Because Trump may increase that duty well above 2.5 percent, Mexico and Canada negotiated two distinct areas in the USMCA to try to shield cars being assembled in their markets from facing those tariffs. Each negotiated a side letter allowing exports at the lower rate if Trump imposes “national security” tariffs after completion of its ongoing investigation under Section 232 of the Trade Expansion Act of 1962. And Mexico negotiated a separate Annex 2-C to allow its cars continued access to the U.S. market if Trump raises the U.S. tariff above 2.5 percent for other reasons.
But Trump’s negotiators closed two additional loopholes that will limit such trade in the event that Trump increases this tariff. First, Mexico can access the 2.5 percent tariff only if it satisfies the original NAFTA rules for autos, including that 62.5 percent of the value of a car be made from North American parts. This means companies assembling in Mexico cannot import more engines or drivetrains from Asia or Europe to keep costs low. Second, the number of Mexican cars coming into the United States under this scenario is limited to 1.6 million units per year.
3. Canada will have to limit its dairy exports
At his USMCA Rose Garden remarks and news conference, Trump stated: “Dairy was a dealbreaker. And now for our farmers, it’s, as you know, substantially opened up much more.”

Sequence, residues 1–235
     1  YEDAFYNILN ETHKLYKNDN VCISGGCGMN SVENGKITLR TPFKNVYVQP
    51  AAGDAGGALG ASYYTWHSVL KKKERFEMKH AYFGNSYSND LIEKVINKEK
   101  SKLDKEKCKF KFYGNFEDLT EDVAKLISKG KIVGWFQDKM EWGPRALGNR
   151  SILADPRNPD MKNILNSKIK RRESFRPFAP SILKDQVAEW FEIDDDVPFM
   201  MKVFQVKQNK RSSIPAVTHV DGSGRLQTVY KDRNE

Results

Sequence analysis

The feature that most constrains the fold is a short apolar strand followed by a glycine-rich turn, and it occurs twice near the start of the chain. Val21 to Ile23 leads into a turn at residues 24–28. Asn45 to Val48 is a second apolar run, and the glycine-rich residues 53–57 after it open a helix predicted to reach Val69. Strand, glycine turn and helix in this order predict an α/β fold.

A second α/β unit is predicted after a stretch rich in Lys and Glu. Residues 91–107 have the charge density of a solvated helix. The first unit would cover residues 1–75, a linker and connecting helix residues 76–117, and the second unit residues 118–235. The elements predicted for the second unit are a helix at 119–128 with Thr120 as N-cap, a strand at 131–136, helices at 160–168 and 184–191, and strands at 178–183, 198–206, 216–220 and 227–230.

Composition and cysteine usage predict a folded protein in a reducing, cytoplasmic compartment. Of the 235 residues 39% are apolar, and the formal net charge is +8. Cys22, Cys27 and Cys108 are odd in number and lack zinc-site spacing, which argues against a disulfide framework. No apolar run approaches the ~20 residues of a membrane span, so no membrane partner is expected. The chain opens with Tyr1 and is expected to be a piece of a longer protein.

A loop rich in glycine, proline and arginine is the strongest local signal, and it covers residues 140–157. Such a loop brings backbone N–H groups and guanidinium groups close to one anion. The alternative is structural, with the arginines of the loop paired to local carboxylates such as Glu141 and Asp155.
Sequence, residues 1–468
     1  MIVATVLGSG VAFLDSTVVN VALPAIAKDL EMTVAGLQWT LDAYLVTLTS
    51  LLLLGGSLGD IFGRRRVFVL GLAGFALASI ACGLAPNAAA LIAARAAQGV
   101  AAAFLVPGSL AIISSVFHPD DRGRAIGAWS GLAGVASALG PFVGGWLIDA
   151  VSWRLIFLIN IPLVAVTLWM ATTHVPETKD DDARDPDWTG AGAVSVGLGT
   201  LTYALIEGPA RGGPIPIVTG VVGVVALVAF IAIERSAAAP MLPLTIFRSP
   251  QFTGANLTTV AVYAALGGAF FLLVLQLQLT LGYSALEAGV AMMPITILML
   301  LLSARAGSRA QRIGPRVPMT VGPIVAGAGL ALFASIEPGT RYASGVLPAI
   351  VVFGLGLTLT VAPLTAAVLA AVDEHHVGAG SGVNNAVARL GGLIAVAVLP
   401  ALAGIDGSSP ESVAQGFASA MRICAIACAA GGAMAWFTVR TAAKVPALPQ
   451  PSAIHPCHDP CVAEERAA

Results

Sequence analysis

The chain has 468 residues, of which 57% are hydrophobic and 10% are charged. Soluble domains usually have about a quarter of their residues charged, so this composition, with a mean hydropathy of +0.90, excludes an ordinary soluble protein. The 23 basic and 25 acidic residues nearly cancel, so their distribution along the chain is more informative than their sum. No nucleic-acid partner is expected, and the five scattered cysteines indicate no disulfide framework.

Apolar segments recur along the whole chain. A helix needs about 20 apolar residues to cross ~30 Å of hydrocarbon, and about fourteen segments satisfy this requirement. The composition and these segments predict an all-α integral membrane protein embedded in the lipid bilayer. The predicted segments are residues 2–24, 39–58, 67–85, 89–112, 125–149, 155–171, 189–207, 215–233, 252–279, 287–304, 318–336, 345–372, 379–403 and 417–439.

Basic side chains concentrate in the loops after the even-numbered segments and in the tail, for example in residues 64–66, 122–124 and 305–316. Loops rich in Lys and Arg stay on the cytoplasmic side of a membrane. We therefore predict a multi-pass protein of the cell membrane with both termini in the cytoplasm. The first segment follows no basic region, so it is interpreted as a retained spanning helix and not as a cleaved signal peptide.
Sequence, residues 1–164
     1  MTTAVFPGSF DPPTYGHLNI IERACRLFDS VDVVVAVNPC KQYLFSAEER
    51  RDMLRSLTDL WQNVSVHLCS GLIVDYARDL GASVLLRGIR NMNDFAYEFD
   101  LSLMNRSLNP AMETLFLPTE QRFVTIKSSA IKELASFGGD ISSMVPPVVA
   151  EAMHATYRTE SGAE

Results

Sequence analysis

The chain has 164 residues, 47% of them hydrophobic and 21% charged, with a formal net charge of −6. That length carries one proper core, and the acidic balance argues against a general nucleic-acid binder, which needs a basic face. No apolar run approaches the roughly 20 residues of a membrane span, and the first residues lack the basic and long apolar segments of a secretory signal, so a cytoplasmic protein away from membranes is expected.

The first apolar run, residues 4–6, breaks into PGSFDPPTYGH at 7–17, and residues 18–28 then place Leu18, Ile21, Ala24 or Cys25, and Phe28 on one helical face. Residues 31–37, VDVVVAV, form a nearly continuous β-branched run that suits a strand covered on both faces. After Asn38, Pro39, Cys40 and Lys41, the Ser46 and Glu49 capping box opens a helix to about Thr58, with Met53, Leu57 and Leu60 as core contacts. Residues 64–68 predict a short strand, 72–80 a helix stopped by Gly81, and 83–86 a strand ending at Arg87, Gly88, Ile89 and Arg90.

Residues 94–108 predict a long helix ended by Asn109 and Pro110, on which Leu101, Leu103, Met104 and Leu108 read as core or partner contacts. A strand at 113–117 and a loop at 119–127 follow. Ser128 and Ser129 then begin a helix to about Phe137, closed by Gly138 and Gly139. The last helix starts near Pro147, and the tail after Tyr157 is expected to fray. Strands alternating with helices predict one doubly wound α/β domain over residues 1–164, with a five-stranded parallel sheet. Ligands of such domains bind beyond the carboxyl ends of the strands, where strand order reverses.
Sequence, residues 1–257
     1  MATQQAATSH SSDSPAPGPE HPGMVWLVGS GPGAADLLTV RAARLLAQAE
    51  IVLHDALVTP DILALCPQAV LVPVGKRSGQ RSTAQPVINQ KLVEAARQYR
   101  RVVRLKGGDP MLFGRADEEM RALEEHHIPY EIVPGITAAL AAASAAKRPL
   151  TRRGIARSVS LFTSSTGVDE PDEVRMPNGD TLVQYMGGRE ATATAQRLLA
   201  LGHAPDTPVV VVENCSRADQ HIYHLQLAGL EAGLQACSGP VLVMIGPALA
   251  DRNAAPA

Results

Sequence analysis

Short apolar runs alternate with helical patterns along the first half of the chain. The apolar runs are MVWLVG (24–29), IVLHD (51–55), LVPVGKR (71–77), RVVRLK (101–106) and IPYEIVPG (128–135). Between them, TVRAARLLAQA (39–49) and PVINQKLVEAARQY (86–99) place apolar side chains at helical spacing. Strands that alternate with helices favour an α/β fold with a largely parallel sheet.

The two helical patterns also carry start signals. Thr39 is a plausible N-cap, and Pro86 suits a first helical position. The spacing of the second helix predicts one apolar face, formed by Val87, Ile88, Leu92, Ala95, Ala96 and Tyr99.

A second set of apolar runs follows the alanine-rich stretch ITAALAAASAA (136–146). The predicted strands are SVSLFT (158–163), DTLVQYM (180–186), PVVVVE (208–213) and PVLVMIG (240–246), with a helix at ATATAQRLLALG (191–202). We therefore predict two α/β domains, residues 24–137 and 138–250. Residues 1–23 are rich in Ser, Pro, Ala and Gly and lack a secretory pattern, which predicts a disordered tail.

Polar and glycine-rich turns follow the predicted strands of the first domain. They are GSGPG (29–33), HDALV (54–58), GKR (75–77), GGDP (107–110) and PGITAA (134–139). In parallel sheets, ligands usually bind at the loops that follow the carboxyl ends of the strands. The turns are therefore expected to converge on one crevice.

True, the deal gives U.S. farmers a bit more dairy access to the Canadian market. But the USMCA also introduced trade-restricting elements for three specific products: milk protein concentrates, skim milk powder and infant formula. In particular, Canada agreed to impose export taxes if its global exports reach a certain size.
Few countries ever agree to constrain use of their taxes on exports. One notable exception is China, but for the opposite reason. Under its WTO accession in 2001, the United States and other countries demanded that China agree to limit the use of export taxes for raw materials and rare earth metals. When China violated those terms, seeking to limit exports and keep these materials for Chinese producers, the United States challenged Beijing through formal WTO dispute channels.